With these questions in mind, we went around the room, taking turns to discuss what we felt we most wanted to explore in our first issue. One area of discordance regarded the subjectivity of the phrase “living in translation.” Even though the magazine was conceived in a course on literary translation, a few of us weren’t actually fluent in multiple languages. We learned that one can still experience the translation process outside of language, whether that be the translation of self from one’s English identity to their a familial home-self in Iran, or the act of listening to one’s grandmother as she ventures to translate her life story of refuge and war across years and oceans.
While listening to each other, we soon realized that the differences in our voices allowed for depth and richness that no one alone could design. Our disharmony was the key, and our publication would seek to explore just that—the disharmony, in-betweenness, and hybridity that we felt within our individual identities. Thus, we constructed our mission statement soon after:
We are living in a multicultural, multilingual era, creating new spaces for hybridity that unsettle cultural binaries of the past. We believe it is important to complicate the dichotomous idea of here and there-ness that has dominated historical narratives. We aim to create a publication that looks to address themes such as migration, diaspora, in-betweenness, identity, cultural diversity, and language.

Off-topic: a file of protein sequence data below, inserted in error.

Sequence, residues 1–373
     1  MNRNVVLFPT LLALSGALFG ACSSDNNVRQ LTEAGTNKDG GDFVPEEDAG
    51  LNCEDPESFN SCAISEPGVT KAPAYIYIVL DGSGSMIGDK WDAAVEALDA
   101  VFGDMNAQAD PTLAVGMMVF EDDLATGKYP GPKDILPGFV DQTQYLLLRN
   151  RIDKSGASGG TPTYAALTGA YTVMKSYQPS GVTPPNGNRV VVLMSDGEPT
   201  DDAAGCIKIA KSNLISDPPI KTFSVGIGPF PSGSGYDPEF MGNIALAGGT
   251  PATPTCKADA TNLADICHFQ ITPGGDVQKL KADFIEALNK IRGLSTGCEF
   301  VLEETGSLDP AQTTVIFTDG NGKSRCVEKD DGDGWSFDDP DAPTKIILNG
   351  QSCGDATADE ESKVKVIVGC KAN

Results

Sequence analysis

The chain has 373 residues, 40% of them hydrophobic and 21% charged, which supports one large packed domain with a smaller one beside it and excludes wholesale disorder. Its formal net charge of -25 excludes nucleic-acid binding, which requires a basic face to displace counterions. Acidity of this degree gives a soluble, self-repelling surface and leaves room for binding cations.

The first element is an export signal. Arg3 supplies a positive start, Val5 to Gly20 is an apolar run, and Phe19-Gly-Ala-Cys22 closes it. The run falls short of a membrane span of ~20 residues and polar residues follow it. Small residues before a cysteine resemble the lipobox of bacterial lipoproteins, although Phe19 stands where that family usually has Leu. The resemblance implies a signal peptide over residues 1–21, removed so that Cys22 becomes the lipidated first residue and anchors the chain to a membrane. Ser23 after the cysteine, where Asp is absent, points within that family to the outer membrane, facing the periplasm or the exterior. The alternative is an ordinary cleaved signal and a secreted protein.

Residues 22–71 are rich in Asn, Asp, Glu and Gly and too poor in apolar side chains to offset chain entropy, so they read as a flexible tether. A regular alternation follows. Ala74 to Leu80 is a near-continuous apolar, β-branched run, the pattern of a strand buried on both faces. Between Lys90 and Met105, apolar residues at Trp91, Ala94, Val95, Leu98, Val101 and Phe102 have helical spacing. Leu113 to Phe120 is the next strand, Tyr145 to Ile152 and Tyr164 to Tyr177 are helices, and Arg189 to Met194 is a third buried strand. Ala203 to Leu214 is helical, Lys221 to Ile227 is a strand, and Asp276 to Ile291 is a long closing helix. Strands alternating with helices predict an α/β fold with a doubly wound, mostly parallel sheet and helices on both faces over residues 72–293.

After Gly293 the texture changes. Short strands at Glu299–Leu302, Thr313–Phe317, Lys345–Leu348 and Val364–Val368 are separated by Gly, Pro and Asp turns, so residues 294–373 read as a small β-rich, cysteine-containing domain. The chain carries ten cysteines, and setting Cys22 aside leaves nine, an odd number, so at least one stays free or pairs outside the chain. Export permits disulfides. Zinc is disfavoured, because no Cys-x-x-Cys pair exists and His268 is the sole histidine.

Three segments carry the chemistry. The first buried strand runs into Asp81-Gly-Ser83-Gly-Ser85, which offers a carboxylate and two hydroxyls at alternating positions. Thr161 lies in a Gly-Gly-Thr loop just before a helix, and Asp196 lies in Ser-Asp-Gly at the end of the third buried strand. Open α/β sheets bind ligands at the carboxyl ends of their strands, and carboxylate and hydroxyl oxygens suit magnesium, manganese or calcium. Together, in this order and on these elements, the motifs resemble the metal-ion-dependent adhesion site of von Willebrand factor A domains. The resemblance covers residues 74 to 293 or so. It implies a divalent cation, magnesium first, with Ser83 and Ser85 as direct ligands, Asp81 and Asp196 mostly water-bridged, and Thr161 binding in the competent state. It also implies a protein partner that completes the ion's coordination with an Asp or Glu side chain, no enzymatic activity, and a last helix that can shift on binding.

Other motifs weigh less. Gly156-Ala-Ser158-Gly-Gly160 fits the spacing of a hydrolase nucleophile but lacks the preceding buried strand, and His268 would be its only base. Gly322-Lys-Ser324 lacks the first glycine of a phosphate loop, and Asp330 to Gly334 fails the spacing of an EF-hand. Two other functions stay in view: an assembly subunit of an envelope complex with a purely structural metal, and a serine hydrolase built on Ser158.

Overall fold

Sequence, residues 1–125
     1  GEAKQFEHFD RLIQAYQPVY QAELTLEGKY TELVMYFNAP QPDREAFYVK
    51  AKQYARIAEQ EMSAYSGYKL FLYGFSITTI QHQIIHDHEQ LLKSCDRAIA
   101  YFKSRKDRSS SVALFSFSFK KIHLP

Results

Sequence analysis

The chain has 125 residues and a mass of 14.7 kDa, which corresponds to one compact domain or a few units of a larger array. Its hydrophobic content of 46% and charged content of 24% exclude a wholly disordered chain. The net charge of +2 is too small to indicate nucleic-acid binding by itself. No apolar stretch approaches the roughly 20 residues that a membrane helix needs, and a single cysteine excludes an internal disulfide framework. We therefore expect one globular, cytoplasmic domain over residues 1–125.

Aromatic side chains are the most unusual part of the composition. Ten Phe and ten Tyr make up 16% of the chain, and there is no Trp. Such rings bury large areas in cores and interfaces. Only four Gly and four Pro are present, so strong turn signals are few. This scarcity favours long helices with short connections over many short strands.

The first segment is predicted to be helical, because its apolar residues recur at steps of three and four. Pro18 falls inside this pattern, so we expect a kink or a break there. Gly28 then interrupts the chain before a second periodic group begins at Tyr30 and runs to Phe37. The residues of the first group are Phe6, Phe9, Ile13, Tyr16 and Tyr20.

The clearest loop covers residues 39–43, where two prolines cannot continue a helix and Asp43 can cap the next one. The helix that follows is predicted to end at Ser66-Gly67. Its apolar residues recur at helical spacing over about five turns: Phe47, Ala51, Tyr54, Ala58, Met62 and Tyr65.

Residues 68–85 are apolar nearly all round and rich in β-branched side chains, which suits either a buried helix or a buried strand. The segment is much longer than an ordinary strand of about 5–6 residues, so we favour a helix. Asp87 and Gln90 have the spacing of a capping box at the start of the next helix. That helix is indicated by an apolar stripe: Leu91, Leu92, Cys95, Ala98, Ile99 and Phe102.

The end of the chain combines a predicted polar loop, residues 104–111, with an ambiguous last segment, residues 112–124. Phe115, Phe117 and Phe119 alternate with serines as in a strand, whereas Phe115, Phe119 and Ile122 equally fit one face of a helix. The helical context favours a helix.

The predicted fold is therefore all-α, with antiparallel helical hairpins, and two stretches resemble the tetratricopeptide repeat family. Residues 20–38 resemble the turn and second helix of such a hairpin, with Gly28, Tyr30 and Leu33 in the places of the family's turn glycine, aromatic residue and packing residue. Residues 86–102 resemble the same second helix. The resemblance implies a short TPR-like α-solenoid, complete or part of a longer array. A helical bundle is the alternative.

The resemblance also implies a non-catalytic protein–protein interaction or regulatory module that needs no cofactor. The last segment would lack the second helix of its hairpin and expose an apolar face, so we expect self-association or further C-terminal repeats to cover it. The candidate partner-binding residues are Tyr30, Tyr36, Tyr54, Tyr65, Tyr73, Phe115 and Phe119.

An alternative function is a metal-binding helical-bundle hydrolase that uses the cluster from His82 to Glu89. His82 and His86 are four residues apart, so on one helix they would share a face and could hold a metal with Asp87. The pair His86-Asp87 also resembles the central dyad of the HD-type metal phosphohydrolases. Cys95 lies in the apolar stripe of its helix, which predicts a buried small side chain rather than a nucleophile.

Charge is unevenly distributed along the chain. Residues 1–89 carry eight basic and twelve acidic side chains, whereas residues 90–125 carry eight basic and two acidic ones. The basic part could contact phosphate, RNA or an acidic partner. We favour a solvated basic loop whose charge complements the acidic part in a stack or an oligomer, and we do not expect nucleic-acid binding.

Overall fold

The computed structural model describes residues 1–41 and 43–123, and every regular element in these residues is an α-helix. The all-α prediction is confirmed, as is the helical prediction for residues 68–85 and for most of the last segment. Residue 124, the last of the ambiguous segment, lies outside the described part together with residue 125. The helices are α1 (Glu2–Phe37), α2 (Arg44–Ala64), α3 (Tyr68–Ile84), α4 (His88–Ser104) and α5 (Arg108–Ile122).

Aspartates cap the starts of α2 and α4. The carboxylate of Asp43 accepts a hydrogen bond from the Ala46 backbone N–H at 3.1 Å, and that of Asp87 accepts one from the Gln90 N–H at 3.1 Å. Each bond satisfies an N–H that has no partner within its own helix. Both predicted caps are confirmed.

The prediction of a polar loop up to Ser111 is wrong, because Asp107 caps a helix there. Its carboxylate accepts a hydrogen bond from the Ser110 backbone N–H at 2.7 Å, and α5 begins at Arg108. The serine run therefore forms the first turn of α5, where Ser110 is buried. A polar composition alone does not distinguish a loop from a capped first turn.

Our name took much longer than our mission statement to be decided on. One suggestion was In the Seam, an image that represents the harmonious consolidation of two originally distinct things. But translation, someone pointed out, is not always harmonious, and hybridity is not stagnant like a seam. The name we decided on, (M)othertongues, represents how an “other” tongue can also be a mother tongue—that the latter is not always singular. By conflating “other” with “mother,” our publication’s name expresses the naturality of hybridity—that here, singularity is not the norm.
Neither is monolingualism. Like most of the world, our team is comprised of people to whom the notion of living in one language is inconceivable. Some on our team speak two or three languages just at home, such as our poetry reviewer Hafsa Zulfiqar ‘22, who lives in Urdu, Sindhi, English, Hindi, and is learning French. The other languages spoken by are team are Spanish, Farsi, Nepali, Polish, Mandarin, German, and Malay. Some of these languages were spoken by multiple people in the room, yet we learned that a shared “mother tongue” between didn’t mark an identical relationship with language; one of our team, born and raised in China and educated in an English-speaking international school, once asked the other Chinese-language speaker in the room (who was primarily educated in Chinese) to read their writing, insistently apologizing that their reading skills weren’t as proficient in Chinese. It became abundantly clear, then, that an individual’s relationship with a language can be unique from others’—and that just because someone is more literally proficient in one language does not diminish their identification with another.